Bank of Ghana (BoG)
Bank of Ghana

Economic and Trading stakeholders in Ghana have described as disappointing and callous the Monetary Policy Committee (MPC) of the Bank of Ghana’s (BoG) increment of policy rate to 17%.

For the first time since November 2021, BoG has increased the rate by 250 basis points to 17 percent, citing inflation as well as the increase in prices of goods and services including petroleum as cause.

But, GUTA’s second Vice, Clement Boateng divulged the increase is disappointing as the rate could have been maintained at the previous 14.5% rating.

Per his view, the country has limited purchasing power, contrary to the claims of inflation the Central Bank is trumpeting.

“We have books Economics and that which describes the actual situation on the ground. The Bank of Ghana is going by the book economics. Practically, we the traders are feeling the heat. Already we are complaining of low patronage because the Ghanaian consumer has been overstretched to the elastic limit. The purchasing power is even low so how do they even purchase items on the market.”

Based on his assumption, the BoG’s claim does not corroborate with the practicality, he said in an interview on Adom TV’s The Big Agenda.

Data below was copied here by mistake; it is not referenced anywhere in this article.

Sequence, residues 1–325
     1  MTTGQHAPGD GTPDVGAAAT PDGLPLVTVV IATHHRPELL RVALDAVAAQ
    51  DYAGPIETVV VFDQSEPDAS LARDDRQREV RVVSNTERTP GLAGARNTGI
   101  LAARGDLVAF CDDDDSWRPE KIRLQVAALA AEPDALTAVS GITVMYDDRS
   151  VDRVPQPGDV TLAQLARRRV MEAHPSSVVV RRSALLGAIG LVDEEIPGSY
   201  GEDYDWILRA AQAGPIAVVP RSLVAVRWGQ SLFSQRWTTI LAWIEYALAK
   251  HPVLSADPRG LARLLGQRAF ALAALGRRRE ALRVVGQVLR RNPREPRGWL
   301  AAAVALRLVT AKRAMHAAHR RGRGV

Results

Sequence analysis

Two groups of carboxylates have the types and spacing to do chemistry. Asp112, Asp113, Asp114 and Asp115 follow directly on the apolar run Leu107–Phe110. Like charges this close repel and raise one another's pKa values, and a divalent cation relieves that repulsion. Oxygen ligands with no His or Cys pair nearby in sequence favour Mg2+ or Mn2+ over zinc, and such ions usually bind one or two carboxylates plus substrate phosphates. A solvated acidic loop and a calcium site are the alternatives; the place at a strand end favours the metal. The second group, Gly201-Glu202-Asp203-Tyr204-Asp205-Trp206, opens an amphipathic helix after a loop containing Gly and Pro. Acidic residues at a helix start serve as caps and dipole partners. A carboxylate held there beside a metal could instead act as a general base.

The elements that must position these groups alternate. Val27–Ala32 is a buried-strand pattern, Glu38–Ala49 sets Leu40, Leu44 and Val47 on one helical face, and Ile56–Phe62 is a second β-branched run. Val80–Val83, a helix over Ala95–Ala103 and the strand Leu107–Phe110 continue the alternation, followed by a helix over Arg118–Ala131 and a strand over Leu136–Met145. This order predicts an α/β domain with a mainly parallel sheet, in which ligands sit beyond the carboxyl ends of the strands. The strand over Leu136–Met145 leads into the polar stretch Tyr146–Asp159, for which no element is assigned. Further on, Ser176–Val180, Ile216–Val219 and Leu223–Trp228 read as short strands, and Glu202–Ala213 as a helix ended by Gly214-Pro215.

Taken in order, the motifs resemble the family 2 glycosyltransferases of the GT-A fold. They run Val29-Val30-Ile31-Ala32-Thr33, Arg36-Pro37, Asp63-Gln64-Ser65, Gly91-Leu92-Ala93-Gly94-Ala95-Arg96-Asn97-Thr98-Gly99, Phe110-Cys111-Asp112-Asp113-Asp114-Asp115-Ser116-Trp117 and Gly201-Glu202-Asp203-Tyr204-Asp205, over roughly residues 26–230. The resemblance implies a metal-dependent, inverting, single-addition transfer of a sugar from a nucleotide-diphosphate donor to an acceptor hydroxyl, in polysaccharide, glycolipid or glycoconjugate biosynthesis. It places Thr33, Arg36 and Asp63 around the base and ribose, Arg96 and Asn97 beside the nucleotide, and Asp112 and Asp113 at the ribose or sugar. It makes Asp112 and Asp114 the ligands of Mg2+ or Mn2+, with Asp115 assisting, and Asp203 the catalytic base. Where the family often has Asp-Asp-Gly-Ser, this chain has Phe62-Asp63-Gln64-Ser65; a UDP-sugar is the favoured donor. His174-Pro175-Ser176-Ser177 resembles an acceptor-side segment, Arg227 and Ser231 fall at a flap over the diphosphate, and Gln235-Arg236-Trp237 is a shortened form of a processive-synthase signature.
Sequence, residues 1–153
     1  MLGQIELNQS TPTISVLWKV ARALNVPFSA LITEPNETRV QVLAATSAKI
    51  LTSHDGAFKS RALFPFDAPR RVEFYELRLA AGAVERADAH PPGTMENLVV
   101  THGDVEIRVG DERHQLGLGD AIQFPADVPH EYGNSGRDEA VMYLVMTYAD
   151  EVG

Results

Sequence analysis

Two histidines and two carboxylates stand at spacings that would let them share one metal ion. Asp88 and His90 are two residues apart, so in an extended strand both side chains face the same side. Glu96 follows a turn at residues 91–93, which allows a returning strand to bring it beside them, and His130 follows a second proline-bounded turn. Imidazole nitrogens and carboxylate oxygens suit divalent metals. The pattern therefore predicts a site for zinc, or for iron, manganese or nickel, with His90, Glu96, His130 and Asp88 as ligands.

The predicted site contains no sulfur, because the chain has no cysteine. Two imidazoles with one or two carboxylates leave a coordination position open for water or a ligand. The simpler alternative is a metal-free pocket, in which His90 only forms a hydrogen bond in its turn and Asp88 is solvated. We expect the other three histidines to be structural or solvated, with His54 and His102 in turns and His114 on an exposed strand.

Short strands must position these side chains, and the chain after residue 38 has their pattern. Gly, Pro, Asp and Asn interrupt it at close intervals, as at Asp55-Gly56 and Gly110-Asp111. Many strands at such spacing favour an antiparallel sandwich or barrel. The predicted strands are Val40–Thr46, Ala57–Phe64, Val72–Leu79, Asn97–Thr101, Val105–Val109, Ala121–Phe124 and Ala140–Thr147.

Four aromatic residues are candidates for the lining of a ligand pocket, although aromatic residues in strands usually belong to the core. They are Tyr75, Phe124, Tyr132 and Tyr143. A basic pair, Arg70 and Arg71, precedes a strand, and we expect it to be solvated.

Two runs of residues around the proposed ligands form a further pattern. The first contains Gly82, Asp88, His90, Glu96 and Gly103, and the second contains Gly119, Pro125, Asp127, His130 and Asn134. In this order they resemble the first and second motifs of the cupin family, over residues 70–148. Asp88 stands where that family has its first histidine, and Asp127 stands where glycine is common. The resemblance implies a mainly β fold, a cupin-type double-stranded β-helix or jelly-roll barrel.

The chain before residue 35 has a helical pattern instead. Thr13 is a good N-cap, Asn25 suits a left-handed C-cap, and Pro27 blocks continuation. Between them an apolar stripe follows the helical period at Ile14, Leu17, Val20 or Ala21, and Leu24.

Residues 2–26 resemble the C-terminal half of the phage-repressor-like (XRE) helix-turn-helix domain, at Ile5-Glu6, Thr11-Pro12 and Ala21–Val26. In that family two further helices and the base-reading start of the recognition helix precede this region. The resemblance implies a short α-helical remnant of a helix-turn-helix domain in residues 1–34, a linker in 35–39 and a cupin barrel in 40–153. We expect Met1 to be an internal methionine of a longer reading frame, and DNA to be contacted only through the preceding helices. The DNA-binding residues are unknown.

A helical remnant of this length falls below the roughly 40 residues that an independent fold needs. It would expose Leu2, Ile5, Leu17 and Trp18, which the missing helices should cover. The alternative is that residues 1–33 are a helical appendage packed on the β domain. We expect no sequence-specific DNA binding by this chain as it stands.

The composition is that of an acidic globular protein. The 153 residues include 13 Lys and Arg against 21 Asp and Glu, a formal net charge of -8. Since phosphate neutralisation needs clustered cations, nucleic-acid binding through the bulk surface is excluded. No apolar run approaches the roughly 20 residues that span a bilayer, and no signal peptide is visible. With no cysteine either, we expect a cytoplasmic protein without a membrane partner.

Mr Boateng explained the consequences of the increment; hypothesizing the cost of doing business will be higher.

According to him, the banks will now pay higher due to the increase on margins on lending rate, and that burden will be shed on the consumers.

He predicts the impacts would not be immediately felt, but in the third quarter of the years when consumers are hit with exorbitant prices.

Speaking on the same platform, Executive Secretary at Importers and Exporters Association, Aasaki Samson Awingobit, also said it is callous on the part of the Central Bank to increase base rate.

According to him, when the economy is stable, no reduction is made, but the BoG is quick to increase rate whenever margins don’t go in their favour.

In an media address on Monday, the Governor of the Central Bank, Dr. Ernest Addison announced the 2.5% increment.

“Headline inflation has risen sharply to 15.7 percent in February 2022, and both headline and core inflation are significantly above the upper limit of the medium-term target band.  The uncertainty surrounding price developments and its impact on economic activity is weighing down business and consumer confidence. The risks in the outlook for inflation are on the upside and include petroleum price adjustments and transportation costs, and exchange rate depreciation.”

“Under these circumstances, the committee has decided to increase the policy rate by 250 basis points to 17 percent. The Bank’s latest forecast still depicts an elevated inflation profile in the near term, with inflation falling within the medium-term target band within a year,” he notified.